"Either You're the Fastest or Not": Michael Fassbender on His Car-Racing Obsession. The two-time Academy Award nominee is part of a small club of actors turned race car drivers and is fresh off a first-place finish in the first of six series at the Daytona Ferrari Challenge, with another race on June 9. "What have I learned?" With the din of race cars screaming around the Laguna Seca racetrack outside Monterey, California, Michael Fassbender -- wearing a racing suit, hair mussed from the Nomex balaclava and helmet he's had on his head all morning -- leans in as a big grin spreads over his face. "I've learned that I'm always two seconds off where I need to be." Two seconds in a line reading might not mean much, but on this 2.2-mile track with 11 turns (on the corkscrew, "head for the tree," he advises), it's an awful lot of time. Part of a small club of actors turned race car drivers, from Paul Newman and Steve McQueen to Patrick Dempsey, Fassbender -- who spent his childhood in Ireland glued to the TV watching Michael Schumacher win one F1 title after another -- is the real deal. The 41-year-old star, who picked up the sport in 2016, possesses an encyclopedic, arcane knowledge of 1980s Group B rally racing and has logged more than 120 hours behind the wheel of his 488 Ferrari Challenge car -- valued at $330,000, featuring a 670-horsepower, 3.9-liter turbocharged V-8 engine. It's numbered 133, because, as he says, "three is my lucky number." Luck, though, had little to do with Fassbender winning the first of six series (his next race is in Montreal on June 9) in the Ferrari Challenge 2018 season, which opened at Florida's Daytona Speedway in January, where speeds exceed 190 miles per hour. Says Ferrari Challenge head instructor Didier Theys: "From the start, Michael has shown a great deal of dedication and talent as a competitor." Fassbender with members of the Ferrari Challenge team. Racing is the reward that rounds out a career marked (so far) by two Oscar nominations, for his work in 2013's 12 Years a Slave and 2015's Steve Jobs. "It's one of the things about the job that I do that's a huge perk, just an absolute dream come true," says Fassbender, who lives in Lisbon, Portugal, with Alicia Vikander, whom he married in October. "It was always a goal to do some sort of racing at 40, but I didn't imagine that I'd be in a series like this with very powerful, very fast 660-odd horsepower machines." Fassbender adds with a laugh, "It's a lot more fun prepping for this than learning lines at home," the downside being, "if you miss an apex or mess up a corner, you don't get a 'take two.'" He points out the other contrast between his two chosen vocations -- the type of risk involved: "It's a different kind of butterflies. For a film, I've usually been putting together this character, but haven't really shown it to anybody. That first day of shooting, it's like, 'God, I hope this works.' But racing, once you start doing it, focusing on what you have to do, you can't think of anything else. When you're driving, literally, if your mind wanders, you're going to go off the track." Fassbender with Angie King, the first transgender driver in the series. There's a process to maintaining composure while white-knuckling it for four 30-minute races over weekends that begin with Thursday practice laps and end Sunday. Says Fassbender, "When it comes to the first practice day, your brain and body have to assimilate to these high speeds. You get into the car and think, 'Oh, God, I can't do this,' but it's incredible how the body and mind adapt -- it's just about focusing and trying to get in a rhythm. Racing is something that really does bring that level of forced meditation -- it's very rare in life." "This track here has a lot to do with rhythm," he says. "If I'm overdriving, trying to push too hard, the tenths of seconds start to slip away." Over time, the actor, who plays Magneto in February's X-Men: Dark Phoenix, has reached an understanding about anxiety: "Before my first race here last year, I literally thought I was going to vomit. I was in the toilet beforehand, breathing. I was nervous, but that feeling is pretty special, that first race feeling." With Fassbender, winning really does seem to matter. "Like many of his fellow drivers, he's something of a perfectionist and determined to win," says Theys. Notes the star, making a nod to a perspective that many a fellow Oscar nominee might share: "You race to win, for sure, that's the goal. Either you're fastest or you're not -- that's the allure for me. It's always great to be on the podium." (Hollywood Reporter)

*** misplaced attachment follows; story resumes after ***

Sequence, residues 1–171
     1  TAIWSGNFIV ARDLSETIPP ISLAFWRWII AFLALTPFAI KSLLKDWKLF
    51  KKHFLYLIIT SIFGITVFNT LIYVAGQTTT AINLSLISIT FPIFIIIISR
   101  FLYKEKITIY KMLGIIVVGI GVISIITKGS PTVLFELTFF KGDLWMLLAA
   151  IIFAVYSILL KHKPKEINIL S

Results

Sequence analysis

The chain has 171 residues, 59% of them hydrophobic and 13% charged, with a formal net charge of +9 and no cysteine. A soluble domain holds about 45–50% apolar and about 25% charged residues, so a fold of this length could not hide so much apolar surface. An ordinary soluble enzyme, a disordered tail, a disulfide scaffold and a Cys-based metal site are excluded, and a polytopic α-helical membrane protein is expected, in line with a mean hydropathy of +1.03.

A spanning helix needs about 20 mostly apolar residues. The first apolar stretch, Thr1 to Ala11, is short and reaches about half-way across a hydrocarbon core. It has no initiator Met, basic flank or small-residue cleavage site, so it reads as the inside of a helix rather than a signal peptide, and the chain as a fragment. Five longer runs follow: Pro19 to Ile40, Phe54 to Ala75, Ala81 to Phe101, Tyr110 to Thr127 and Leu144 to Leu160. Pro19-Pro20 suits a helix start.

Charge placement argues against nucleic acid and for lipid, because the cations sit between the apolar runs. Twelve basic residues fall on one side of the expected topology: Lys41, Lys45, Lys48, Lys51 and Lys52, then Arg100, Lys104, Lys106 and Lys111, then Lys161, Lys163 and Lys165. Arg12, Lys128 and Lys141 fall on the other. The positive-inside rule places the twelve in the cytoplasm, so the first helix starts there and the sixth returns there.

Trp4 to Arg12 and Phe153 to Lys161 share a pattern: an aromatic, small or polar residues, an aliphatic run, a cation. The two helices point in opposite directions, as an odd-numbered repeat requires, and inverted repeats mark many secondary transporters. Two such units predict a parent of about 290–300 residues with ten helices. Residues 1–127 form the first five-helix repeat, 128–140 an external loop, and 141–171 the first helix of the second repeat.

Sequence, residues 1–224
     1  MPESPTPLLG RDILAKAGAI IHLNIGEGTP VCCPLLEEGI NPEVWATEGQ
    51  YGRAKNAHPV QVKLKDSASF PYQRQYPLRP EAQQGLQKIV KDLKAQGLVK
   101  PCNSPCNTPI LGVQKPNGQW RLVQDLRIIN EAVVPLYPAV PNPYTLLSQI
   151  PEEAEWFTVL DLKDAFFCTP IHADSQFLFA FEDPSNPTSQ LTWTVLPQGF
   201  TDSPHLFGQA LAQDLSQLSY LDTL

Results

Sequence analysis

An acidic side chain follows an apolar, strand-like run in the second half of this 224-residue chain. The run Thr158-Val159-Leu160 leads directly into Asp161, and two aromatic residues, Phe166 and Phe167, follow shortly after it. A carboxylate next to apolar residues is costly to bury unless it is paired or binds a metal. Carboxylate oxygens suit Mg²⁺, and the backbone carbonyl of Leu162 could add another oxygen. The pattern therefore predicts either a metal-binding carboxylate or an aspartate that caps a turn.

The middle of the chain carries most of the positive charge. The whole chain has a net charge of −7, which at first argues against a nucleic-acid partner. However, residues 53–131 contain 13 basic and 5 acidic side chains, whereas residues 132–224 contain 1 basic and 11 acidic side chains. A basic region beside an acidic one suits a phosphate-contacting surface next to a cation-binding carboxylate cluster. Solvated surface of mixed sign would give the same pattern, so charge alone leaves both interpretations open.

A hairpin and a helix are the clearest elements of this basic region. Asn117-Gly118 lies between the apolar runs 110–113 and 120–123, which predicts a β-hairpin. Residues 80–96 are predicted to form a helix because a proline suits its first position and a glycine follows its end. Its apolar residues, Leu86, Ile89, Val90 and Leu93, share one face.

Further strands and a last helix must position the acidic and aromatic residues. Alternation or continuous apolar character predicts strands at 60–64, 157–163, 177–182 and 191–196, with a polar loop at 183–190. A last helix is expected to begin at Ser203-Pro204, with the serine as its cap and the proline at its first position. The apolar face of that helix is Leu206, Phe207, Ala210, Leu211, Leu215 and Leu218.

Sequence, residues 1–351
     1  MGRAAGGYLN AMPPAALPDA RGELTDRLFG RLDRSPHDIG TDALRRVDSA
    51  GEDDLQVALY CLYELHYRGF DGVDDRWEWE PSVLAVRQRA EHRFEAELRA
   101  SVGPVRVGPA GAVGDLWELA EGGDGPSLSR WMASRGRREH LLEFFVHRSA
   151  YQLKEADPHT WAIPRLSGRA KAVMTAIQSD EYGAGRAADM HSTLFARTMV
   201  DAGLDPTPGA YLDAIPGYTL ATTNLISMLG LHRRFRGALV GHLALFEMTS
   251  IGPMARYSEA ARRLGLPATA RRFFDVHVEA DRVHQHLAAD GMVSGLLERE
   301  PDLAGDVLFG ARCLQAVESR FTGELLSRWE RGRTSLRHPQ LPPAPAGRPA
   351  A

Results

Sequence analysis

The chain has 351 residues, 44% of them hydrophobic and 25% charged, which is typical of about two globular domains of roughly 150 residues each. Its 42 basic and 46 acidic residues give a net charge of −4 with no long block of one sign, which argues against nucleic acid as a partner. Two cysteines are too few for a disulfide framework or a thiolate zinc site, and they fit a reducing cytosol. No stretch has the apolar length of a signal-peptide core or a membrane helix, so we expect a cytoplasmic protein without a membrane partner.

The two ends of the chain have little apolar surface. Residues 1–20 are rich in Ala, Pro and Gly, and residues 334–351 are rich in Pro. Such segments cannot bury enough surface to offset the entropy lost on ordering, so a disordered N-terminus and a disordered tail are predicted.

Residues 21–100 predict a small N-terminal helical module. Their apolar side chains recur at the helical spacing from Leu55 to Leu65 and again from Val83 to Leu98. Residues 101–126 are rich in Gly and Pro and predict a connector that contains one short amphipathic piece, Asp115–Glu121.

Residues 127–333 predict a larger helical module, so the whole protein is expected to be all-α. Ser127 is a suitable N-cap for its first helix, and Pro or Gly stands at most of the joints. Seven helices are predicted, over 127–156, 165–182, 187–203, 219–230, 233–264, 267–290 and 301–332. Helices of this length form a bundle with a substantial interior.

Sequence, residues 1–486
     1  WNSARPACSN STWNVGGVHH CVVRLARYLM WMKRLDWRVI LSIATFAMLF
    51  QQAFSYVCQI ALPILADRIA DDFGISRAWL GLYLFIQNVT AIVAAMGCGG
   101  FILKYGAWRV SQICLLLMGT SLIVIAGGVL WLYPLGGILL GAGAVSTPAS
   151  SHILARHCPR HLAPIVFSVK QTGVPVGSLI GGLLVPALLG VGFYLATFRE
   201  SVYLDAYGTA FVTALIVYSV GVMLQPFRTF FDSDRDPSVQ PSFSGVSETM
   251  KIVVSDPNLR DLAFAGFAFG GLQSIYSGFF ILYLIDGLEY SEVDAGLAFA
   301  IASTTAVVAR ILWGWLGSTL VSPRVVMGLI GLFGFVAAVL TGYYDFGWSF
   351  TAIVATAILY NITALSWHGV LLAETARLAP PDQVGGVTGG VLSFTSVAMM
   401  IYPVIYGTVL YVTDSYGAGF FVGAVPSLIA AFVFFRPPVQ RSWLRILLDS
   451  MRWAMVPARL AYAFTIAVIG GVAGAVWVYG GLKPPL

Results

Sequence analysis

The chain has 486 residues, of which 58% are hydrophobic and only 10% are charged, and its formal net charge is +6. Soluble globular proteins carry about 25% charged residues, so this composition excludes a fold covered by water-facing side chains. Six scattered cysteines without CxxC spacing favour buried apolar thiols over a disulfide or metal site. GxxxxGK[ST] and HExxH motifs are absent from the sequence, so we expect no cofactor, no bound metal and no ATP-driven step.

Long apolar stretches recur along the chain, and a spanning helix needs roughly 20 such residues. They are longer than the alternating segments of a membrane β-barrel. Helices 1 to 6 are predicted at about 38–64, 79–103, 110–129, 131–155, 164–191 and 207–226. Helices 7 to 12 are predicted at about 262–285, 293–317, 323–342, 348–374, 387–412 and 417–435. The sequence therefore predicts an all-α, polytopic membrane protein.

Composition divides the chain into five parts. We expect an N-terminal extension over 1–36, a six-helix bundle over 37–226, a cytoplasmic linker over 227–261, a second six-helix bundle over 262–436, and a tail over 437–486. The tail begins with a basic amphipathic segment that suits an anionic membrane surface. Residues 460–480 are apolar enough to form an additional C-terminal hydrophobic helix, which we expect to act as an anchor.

Fox Sports Picks Up Common-Produced Boxing Doc 'They Fight'. The doc follows an after-school program in Washington, D.C.'s Ward 8. Fox Sports Films has acquired the North American rights to boxing documentary They Fight. Common and his Freedom Road Productions are behind the feature, producing alongside Argent Pictures -- run by Jill Ahrens, Ryan Ahrens and Ben Renzo. Directed by Andrew Renzi, the doc follows an after-school program in Washington, D.C.'s Ward 8 run by oach Walt Manigan's Lyfe Style Boxing. Walt mentors young boxers, "Peanut" Bartee and Quincey Williams on the path to the 2017 Junior Olympics, while he also fights to find a permanent home for his program to help young fighters avoid the troubles he found in his own youth. The film was executive produced by Argent Pictures partners NFL quarterback Drew Brees, the NBA's Tony Parker, NFL Hall of Fame linebacker Derrick Brooks and NBA All-Star Michael Finley. Fox Sports planned to acquire the film to join their "Magnify" series, whch was launched in November of last year and includes Shot in the Dark, from exec producers Dwyane Wade and Chance the Rapper, and the Wade-produced Q Ball that follows the basketball team at San Quentin State Prison. "It is important to share Coach Walt's story and see how he overcame extreme hardships and now serves as a mentor to the youth in Ward 8," said Common. "It is a true example as to how we can take the most challenging of situations and turn them into a positive, not only for ourselves but for others." The deal was negotiated by WME on behalf of the filmmakers. (Hollywood Reporter)